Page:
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Dialkyl urea group

Is it possible in very acidic solutions for the nitrogens ($\ce{N}$) to get another $\ce{H+}$, making it $\ce{R-NH2+-R}$? Since it has a free electron pair, it might be possible right? If so, at which pH?

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Reagents/solutions that are acidic enough will protonate the urea group, just not where you think. The most basic site is the oxygen. Perhaps this is a surprise.

The lone pairs on the nitrogen atoms are delocalized (see resonance depiction below). enter image description here

The oxygen atom has the most electron density. Below is an electron density map, where ${\mathrm{\color{red}{red}}}$ represents areas of high electron density and $\mathrm{\color{blue}{blue}}$ represents areas of low electron density. You can see the area around the oxygen atom is red and yellow, while the areas around the nitrogen atoms are green.

enter image description here

This image is from "The effect of intermolecular hydrogen bonding on the planarity of amides" by James A. Platts, et al. published in Phys. Chem. Chem. Phys., volume 2012, issue 14, page number 11944-11952, DOI:10.1039/C2CP41716B. The image is copyright the Royal Society of Chemistry and released under a Creative Commons Attribution 3.0 Unported license.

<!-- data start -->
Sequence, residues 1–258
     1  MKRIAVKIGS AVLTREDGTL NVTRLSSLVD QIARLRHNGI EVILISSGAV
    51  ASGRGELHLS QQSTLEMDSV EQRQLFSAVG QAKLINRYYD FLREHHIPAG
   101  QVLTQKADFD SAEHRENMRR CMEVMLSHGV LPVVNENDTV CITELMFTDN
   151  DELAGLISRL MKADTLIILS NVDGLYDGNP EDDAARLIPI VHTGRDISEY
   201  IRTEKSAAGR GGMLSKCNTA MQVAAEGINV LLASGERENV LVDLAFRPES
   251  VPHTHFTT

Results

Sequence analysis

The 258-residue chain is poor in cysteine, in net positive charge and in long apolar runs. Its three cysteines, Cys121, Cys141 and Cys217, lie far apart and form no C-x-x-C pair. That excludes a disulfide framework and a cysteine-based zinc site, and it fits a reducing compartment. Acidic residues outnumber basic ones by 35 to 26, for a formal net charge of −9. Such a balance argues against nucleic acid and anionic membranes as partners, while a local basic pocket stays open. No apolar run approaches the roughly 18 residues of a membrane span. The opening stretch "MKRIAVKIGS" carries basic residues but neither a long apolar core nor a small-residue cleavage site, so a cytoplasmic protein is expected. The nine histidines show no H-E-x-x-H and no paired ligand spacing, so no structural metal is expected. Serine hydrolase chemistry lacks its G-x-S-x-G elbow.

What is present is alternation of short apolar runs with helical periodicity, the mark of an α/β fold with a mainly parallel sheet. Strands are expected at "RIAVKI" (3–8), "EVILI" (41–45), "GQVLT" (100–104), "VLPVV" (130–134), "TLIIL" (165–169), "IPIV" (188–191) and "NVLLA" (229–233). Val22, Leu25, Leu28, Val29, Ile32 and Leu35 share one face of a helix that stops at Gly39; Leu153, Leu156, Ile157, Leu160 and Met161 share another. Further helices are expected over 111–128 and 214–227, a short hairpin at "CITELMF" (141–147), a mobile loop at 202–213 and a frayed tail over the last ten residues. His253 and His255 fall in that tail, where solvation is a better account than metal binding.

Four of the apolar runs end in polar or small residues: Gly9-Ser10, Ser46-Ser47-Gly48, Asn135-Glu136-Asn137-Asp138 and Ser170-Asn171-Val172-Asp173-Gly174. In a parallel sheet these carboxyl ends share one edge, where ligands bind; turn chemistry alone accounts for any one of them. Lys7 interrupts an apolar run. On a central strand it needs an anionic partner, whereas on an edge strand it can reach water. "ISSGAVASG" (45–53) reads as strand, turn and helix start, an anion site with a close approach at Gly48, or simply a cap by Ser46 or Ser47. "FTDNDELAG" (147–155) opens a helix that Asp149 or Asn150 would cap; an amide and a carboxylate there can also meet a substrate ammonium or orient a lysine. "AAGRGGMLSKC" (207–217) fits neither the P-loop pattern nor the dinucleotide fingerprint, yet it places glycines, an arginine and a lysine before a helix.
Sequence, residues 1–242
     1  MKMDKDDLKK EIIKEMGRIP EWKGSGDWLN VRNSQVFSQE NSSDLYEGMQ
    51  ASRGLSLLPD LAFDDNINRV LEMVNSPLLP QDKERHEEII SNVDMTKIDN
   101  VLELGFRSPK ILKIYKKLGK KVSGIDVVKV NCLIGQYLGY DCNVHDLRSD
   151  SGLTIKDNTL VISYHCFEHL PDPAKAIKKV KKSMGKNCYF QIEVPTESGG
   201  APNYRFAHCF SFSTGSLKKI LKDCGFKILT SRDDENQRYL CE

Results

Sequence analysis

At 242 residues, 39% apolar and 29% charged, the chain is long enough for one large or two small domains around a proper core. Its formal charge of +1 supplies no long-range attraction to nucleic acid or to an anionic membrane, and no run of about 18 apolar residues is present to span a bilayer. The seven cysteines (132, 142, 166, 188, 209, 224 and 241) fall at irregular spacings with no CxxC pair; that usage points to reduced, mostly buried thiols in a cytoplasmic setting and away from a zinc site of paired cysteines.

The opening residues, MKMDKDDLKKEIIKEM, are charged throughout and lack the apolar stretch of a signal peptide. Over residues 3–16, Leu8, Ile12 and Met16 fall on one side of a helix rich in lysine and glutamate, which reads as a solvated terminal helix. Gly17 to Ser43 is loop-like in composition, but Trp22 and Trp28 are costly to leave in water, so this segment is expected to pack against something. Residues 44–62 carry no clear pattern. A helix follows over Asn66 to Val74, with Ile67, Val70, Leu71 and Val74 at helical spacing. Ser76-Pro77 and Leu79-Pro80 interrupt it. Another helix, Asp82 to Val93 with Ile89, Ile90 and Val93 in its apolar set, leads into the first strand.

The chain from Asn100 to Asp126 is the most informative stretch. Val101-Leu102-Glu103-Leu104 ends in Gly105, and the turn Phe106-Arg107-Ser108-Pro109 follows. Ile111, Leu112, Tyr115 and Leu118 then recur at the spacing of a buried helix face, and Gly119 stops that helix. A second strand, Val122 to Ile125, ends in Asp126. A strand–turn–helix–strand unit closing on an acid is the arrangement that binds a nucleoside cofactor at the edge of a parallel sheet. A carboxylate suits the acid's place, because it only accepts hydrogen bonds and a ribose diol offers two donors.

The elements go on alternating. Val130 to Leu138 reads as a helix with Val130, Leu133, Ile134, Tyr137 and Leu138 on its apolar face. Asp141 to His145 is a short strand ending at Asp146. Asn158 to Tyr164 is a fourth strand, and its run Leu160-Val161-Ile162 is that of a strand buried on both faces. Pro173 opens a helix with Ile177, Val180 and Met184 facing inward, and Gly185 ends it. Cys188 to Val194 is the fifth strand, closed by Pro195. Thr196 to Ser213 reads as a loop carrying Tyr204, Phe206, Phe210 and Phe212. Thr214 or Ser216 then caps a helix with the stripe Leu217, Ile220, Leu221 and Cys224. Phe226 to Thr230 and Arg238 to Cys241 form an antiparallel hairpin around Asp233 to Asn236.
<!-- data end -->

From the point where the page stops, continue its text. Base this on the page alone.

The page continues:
Protonating the oxygen atom leads to a cation where the positive charge is delocalized (better, more stable).

enter image description here

Protonating one of the nitrogen atoms leads to a cation where the positive charge is localized (worse, less stable).

enter image description here

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Well, yes but no. The nitrogen’s lone pair is in resonance with the $\ce{C=O}$ π bond. They form a π system not unlike the allyl anion. This is usually depicted for the amide case, but there are no significant differences in the urea case.

Amide resonance

Instead, the oxygen has an accesable lone pair perpendicular to the π system, so it is typically protonated first. This happens at low pH values; you typically need sulphuric acid or hydrochloric acid to get quantitive protonation.

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